At the time of the pulmonary function test, the mean weight was 1846 ± 451 g and the corrected gestational age, 36.0 ± 2 weeks. The mean value for lung compliance was 1.30 ± 0.44 ml/cm H2O/kg and for resistance, 63.7 ± 24.87 cm H2O/l/s. Only 20 of all the tests undertaken (n = 86) showed normal values for compliance and resistance: 39 (45.3%) had compliance/kg of less than 1.2 ml/cm H2O/Kg and 57 (69.5%) had resistance of greater than 50 cm H2O/l/s. In 34 babies (43%), the values for compliance and resistance were abnormal according to our criteria.
A total of 24 children (28%) were classified as having bronchopulmonary dysplasia, and the mean lung compliance value in this group was 1.0 ± 0.35 ml/cm H2O/kg (95% confidence interval, CI of 0.88-1.12). For the infants without bronchopulmonary dysplasia, the mean value was 1.41 ± 0.42 ml/cm H2O/kg (95% CI of 1.35-1.47; p < 0.05). The lung resistance was 70.04 ± 28.26 cm H2O/l/s (95% CI of 60.38-79.70) in bronchopulmonary dysplasia infants and 61.20 ± 23.20 cm H2O/ml/s (95% CI of 58.13-64.27) in those without bronchopulmonary dysplasia.
The inter-observer reliability for evaluating normal and abnormal high resolution computed tomography was 0.71 (measured via Kappa statistics). Among the 86 high resolution computed tomography scans, only 24 (27.9%) were considered normal. Aeration disturbance occurred in 33 cases (38.4%), parenchymal band in 30 (34.9%), atelectasis in 27 (31.4%), "ground-glass" opacity in 37 (43.0%), thickening of interlobular septa in 16 (18.6%), subpleural opacity in 18 (20.9%) and bubbles/cyst in 8 (9.3%). Most infants presented more than one abnormality (Table 3).
The mean values of lung compliance for the groups with normal tomography, 1 or 2 alterations and 3 or more alterations were respectively 1.49 ± 0.40 ml/cm H2O/kg (95% CI of 1.35-1.63), 1.31 ± 0.46 (95% CI of 1.17-1.45) and 1.16 ± 0.42 (95% CI of 1.05-1.27). The variance analysis performed on the lung compliance values had a statistically significant result (p = 0.015).
The mean lung resistance values for the groups with normal tomography, 1 or 2 alterations and 3 or more alterations were respectively 60.60 ± 25.87 cm H2O/l/s (95% CI of 51.76-69.44), 60.65 ± 19.07 cm H2O/l/s (95% CI of 58.82-66.48) and 68.34 ± 28.15 cm H2O/l/s (95% CI of 60.94-75.74). The variance analyses for lung resistance values among the three groups of tomographic alterations were not statistically significant (Table 4).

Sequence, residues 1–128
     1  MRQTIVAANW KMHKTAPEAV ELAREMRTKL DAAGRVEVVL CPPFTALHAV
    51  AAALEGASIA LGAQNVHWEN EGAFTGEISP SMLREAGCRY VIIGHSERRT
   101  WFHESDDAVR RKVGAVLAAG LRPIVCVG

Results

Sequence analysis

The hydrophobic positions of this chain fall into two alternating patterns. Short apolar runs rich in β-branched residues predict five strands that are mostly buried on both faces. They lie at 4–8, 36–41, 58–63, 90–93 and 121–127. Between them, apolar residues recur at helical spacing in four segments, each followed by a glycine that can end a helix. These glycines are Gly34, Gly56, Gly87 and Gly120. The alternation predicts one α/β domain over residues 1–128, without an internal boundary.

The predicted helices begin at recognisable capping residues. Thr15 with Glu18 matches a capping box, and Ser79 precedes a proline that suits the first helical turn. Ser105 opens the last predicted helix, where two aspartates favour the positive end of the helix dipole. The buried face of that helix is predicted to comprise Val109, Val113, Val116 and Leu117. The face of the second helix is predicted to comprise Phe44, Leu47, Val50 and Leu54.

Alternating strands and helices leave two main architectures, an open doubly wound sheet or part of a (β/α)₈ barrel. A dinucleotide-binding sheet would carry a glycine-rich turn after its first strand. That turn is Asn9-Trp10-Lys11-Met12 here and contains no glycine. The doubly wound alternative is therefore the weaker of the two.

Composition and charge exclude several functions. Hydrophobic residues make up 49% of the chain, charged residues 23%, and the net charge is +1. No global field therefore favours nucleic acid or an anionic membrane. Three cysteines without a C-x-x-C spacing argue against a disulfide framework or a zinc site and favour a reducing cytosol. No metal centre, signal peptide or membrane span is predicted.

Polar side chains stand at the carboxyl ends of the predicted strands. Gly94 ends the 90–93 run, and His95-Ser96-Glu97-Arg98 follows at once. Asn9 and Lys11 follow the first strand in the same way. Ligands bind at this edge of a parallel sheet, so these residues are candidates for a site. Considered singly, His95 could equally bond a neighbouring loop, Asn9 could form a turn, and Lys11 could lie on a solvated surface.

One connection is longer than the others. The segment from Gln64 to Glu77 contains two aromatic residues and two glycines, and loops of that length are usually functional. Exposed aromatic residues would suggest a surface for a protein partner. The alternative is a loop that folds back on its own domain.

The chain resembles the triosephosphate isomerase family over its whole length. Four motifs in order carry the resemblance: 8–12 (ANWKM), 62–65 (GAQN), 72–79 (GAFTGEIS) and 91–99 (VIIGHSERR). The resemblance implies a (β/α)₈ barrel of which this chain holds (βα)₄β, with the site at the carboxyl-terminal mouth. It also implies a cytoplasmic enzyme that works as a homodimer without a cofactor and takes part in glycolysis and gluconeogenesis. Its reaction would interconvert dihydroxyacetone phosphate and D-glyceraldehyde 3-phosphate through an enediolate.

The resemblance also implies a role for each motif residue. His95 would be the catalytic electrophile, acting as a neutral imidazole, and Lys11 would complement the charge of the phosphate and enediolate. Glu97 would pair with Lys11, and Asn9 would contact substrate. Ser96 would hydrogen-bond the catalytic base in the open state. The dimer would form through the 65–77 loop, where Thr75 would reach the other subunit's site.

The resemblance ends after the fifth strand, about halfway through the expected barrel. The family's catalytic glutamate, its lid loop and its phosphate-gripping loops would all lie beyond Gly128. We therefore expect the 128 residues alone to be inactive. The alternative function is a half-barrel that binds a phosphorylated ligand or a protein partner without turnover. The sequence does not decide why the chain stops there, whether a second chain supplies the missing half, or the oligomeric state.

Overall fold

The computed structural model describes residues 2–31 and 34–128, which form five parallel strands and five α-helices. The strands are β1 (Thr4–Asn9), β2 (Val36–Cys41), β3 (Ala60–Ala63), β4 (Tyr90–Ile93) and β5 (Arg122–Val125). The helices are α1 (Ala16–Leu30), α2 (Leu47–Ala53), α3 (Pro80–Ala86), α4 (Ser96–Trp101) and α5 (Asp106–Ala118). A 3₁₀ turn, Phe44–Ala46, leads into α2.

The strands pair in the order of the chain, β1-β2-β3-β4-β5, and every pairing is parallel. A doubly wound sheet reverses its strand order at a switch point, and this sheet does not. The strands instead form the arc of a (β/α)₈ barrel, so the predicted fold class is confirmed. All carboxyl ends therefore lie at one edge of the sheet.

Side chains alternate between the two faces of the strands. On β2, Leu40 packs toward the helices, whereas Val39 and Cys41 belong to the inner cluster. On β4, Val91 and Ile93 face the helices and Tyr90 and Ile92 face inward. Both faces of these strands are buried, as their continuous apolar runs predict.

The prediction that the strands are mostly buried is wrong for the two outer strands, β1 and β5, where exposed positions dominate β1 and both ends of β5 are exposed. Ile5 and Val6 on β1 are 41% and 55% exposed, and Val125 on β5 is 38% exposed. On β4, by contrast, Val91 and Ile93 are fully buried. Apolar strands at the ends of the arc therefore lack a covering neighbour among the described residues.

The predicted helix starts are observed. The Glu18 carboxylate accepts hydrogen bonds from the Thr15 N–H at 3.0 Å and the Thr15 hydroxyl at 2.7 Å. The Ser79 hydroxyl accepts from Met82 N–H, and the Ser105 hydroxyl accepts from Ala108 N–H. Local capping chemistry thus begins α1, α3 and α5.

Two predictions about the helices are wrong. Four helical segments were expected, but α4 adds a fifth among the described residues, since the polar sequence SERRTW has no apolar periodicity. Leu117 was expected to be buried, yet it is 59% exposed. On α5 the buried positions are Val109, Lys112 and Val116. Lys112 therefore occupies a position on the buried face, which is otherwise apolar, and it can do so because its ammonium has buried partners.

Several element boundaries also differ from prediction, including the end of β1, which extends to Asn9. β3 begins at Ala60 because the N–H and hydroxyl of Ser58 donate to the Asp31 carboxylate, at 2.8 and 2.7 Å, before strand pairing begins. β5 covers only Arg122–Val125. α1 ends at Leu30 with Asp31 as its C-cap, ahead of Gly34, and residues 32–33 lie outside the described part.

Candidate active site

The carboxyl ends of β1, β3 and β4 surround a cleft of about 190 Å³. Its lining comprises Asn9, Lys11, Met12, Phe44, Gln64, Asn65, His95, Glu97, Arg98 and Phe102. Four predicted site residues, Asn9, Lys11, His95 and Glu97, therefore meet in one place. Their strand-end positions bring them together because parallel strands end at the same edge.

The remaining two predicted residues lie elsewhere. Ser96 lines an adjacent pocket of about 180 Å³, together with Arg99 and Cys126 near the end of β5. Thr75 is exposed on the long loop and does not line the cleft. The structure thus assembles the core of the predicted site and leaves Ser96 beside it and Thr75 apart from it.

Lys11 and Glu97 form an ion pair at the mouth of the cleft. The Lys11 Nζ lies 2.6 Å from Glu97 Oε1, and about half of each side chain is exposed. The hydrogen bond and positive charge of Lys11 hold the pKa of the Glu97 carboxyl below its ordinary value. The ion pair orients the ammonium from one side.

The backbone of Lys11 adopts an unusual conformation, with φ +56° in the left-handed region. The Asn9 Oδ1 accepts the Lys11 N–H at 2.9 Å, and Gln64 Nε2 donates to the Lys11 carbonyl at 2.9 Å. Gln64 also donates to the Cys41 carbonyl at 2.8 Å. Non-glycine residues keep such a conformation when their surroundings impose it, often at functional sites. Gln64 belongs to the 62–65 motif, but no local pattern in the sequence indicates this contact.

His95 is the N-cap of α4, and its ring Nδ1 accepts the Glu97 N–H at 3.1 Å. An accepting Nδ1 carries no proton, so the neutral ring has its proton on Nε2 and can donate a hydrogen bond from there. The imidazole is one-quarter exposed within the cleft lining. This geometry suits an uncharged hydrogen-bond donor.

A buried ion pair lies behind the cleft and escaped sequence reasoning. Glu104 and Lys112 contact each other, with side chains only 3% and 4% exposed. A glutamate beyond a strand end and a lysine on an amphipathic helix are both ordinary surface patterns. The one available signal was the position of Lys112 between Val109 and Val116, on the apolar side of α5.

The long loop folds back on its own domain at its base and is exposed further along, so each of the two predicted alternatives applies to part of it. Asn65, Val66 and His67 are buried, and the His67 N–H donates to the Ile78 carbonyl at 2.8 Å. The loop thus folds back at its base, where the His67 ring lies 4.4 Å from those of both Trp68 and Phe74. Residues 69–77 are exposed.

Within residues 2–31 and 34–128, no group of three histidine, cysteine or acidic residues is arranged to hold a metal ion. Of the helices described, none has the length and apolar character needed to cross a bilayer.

We were able to verify an association between lung compliance and several tomographic abnormalities.
This was a prospective study undertaken in a neonatal intensive care unit with premature very low birth weight infants. The clinical data from these babies showed moderate severity among this group of infants, with 31% of the babies having birth weights of less than 1,000 g and about 45% requiring mechanical ventilation. The incidence of bronchopulmonary dysplasia was 28%, defined as the use of oxygen beyond 28 days of life.
Various techniques can be used for measuring lung compliance and lung resistance in newborns. Among the commonly used techniques are multiple occlusion, the conventional (Mead-Whittenberger) method and linear regression. In this study, the latter was used. The conventional and linear regression techniques measure lung compliance and resistance, whereas the multiple occlusion technique measures compliance and resistance of the respiratory system, which includes measurements of lung and thoracic wall mechanics. Both the conventional and linear regression techniques have the advantage of making the measurement during spontaneous breathing, without the need for the respiratory muscles to relax.21 The multiple occlusion and conventional techniques have the limitation of needing to assume a linear relation between pressure and volume. However, several authors have already described a non-linear relationship between pressure and volume in newborns with pulmonary diseases.22 Moreover, the high compliance of the thoracic wall observed in extremely premature infants (birth weight less than 1,000 g) may also alter the linearity of the pressure/volume relationship, since it can cause uneven distribution of pleural pressure and inadequate air filling of the lungs.